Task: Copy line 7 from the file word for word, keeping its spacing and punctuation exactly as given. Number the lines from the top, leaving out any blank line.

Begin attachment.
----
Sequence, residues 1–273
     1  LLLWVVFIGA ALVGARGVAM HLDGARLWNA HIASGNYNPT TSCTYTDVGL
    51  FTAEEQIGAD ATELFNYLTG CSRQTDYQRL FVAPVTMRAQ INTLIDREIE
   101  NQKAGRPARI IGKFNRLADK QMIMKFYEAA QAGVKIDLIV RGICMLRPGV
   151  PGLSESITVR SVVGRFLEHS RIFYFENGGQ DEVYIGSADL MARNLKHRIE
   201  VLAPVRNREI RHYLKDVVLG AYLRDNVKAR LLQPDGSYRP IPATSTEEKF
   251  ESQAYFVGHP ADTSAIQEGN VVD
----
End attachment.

   251  ESQAYFVGHP ADTSAIQEGN VVD